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DBL%20Hendrix%20small.png College chemistry, 1983

Derek Lowe The 2002 Model

Dbl%20new%20portrait%20B%26W.png After 10 years of blogging. . .

Derek Lowe, an Arkansan by birth, got his BA from Hendrix College and his PhD in organic chemistry from Duke before spending time in Germany on a Humboldt Fellowship on his post-doc. He's worked for several major pharmaceutical companies since 1989 on drug discovery projects against schizophrenia, Alzheimer's, diabetes, osteoporosis and other diseases. To contact Derek email him directly: derekb.lowe@gmail.com Twitter: Dereklowe

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September 25, 2006

A Spray-Painted Crystal Ball

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Posted by Derek

Looking through my files, I found a chart which I clipped out of Genetic Engineering News back in late 2004 or so. It's a table of expected drug launches and sales potentials, based on data from Mehta Partners (a well-known and often-quoted pharmaceutical-sector investment and consulting firm).

Now that we're in the last quarter of 2006, this little document has gone from looking hopeful to looking downright creepy. The Y axis is sales potential, divided into eight tiers, and the X axis is a timeline, quarter-by-quarter. Let's take it from the upper left corner and look at the expected big winners from 2005 and 2006:

Macugen: Expected launch 1Q 05, sales potential 1.25 to 1.5 billion. The reality: the launch went off pretty much as expected, but the sales, well. . .they're running at about 10% of that peak estimate. OSI bought the drug's developer, Eyetech, and people wondered at the time what they were thinking. Maybe they're wondering now, too. . .

Indiplon: Expected launch 4Q 05, sales potential 1.25 to 1.5 billion. The reality: oh, dear. Neurocrine is trying to go it alone until they find a new partner, and they're still in there pitching, but this has been a real development disaster.

Let's pause a moment to note that both of these were printed in green type, which the chart helpfully informs us were considered "low risk" at the time. After meditating on the implications of that statement, we move on to:

Edifoligide: Expected launch 4Q 05, sales potential 1.25 to 1.5 billion. The reality: Aaargh. The drug, an oligonucleotide "decoy" designed to tie up a particular set of transcription factors involved in vein graft failure, completely missed its clinical endpoints in a major trial. Bristol-Meyers Squibb dropped it; its developer (Corgentech) went through a near-death experience and emerged with a changed name and an (appropriate) focus on pain management.

Accomplia: Expected launch 1st half 06, sales potential 1.5 to 2.75 billion. The reality: the drug is slowly, slowly creeping into the market in Europe. But no one has any idea of when it might be approved in the US (where most of that money is going to be made, if it ever is), and Sanofi-Aventis has been extraordinarily uncommunicative on the issue. It won't be 2006, that's for sure. Next year? That's what they thought last year. . .

Plavix (for Japanese market): Expected launch 1st half 06, sales potential 1.25 to 1.5 billion. The reality: they made it in May of this year, but the cost has been heavy. And, of course, Plavix and its profits have been making the news for other reasons entirely.

Asoprisnil: Expected launch 2nd half 06, sales potential 1.25 to 1.5 billion. The reality: who knows? Takeda/Abbott and Schering, after some clinical difficulties, have written off 2006 and refuse to say when the uterine bleeding drug might be submitted for approval. Judging from the lack of recent statements, the outlook isn't good.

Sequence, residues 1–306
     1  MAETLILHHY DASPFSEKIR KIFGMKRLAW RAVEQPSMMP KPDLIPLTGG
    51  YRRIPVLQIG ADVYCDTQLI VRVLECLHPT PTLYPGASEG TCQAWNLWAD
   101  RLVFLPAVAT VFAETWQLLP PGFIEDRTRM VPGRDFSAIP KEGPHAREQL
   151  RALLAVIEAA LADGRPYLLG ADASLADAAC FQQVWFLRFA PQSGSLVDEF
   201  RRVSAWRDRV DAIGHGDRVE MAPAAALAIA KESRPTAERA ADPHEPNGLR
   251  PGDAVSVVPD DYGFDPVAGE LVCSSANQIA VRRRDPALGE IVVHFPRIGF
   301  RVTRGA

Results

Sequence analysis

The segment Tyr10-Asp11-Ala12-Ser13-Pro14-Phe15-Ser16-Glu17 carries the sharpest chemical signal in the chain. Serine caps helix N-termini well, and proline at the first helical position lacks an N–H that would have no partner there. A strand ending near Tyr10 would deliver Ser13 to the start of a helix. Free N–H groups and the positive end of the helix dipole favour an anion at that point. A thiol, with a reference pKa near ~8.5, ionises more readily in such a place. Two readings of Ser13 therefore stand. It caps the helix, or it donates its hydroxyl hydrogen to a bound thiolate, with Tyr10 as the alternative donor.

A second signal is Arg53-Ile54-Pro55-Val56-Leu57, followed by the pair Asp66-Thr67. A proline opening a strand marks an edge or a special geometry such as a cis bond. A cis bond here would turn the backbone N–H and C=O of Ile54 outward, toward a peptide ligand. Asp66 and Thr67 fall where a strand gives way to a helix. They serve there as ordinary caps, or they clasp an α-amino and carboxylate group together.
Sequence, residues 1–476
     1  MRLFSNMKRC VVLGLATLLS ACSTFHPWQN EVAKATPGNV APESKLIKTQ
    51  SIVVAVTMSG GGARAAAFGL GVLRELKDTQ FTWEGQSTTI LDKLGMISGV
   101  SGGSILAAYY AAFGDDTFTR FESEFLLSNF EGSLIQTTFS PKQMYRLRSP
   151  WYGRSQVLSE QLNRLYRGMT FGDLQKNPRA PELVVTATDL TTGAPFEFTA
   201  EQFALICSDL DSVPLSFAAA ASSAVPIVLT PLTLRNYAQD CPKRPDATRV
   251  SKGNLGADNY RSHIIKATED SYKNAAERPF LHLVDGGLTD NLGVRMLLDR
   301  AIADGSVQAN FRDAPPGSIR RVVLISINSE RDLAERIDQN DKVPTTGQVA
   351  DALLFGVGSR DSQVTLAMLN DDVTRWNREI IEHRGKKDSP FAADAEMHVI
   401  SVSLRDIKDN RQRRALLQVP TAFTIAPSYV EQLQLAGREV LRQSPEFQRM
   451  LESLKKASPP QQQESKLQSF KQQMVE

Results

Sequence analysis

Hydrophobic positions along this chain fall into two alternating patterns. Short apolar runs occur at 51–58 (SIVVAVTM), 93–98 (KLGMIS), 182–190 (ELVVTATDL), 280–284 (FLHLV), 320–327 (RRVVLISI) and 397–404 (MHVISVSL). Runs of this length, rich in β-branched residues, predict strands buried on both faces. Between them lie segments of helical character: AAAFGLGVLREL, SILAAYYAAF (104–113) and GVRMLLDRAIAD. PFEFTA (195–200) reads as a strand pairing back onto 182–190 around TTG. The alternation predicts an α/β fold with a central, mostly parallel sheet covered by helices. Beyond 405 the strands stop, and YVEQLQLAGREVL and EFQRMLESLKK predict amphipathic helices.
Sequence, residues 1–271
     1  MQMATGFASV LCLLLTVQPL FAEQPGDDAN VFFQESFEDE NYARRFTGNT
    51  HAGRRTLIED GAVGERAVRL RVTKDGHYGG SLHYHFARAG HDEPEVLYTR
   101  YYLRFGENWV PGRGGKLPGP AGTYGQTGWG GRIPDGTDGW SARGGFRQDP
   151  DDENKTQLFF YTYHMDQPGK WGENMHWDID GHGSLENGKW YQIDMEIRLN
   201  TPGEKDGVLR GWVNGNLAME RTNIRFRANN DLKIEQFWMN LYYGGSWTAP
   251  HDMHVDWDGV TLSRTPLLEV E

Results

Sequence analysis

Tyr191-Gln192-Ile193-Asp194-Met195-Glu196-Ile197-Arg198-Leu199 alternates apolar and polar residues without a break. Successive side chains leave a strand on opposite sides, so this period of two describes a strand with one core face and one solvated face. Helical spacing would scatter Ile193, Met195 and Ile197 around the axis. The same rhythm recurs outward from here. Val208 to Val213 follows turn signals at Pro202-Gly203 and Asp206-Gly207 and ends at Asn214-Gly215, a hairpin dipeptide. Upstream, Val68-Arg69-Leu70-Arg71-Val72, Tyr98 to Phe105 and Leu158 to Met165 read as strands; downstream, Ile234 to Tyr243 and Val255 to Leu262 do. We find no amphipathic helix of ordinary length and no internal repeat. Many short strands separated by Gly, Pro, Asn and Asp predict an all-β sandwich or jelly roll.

Not a pretty picture. Just think of how many investment decisions were made based on forecasts like this - it's enough to give you the shivers. But I'm not really blaming Mehta Partners for this - after all, they did what they could with the information they had from the companies involved. And the companies aren't completely to blame, either - many of them really believed that these things were going to work, or at least do better than they have, and they put a lot of their own money on those opinions. No, it's hard to find someone to take the entire fall. Research and development ishard.

Comments (4) + TrackBacks (0) | Category: Clinical Trials | Drug Development


COMMENTS

1. Insider on September 26, 2006 1:18 AM writes...

I'm wondering how they could have missed Pargluva! LOL

What's on Mehta Partners "current" radar chart, I also wonder?

Cheers!

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2. Morten on September 26, 2006 1:28 AM writes...

Umm... what do the little buggers do? Or rather what were they supposed to do?

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3. tom bartlett on September 26, 2006 8:20 AM writes...

Well, I always ASSUME 10% of what analysts expect.

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4. Thurston Howell V on September 27, 2006 1:10 AM writes...

I wonder if you have any comment about these two subjects:
One is the company AtheroGenics, and their anti-inflammatory drugs.
Two is the veterinary anti- arthritis drug, Cartrophen. We had our elderly Kelpie on it in Australia, it took years off her age. Brought her to New York where it is unavailable, she deteriorated alarmingly, to the point where we bought a cart to tow her around in- though it didn't get to that stage, mainly because this summer we took her to a vet in Canada, got a supply of Cartrophen, and she now walks 3.2 miles (GPS measured) daily. It is very effective.
Is Cartrophen being assessed for human use? Will it be OK'ed for US veterinary use?
Many thanks.

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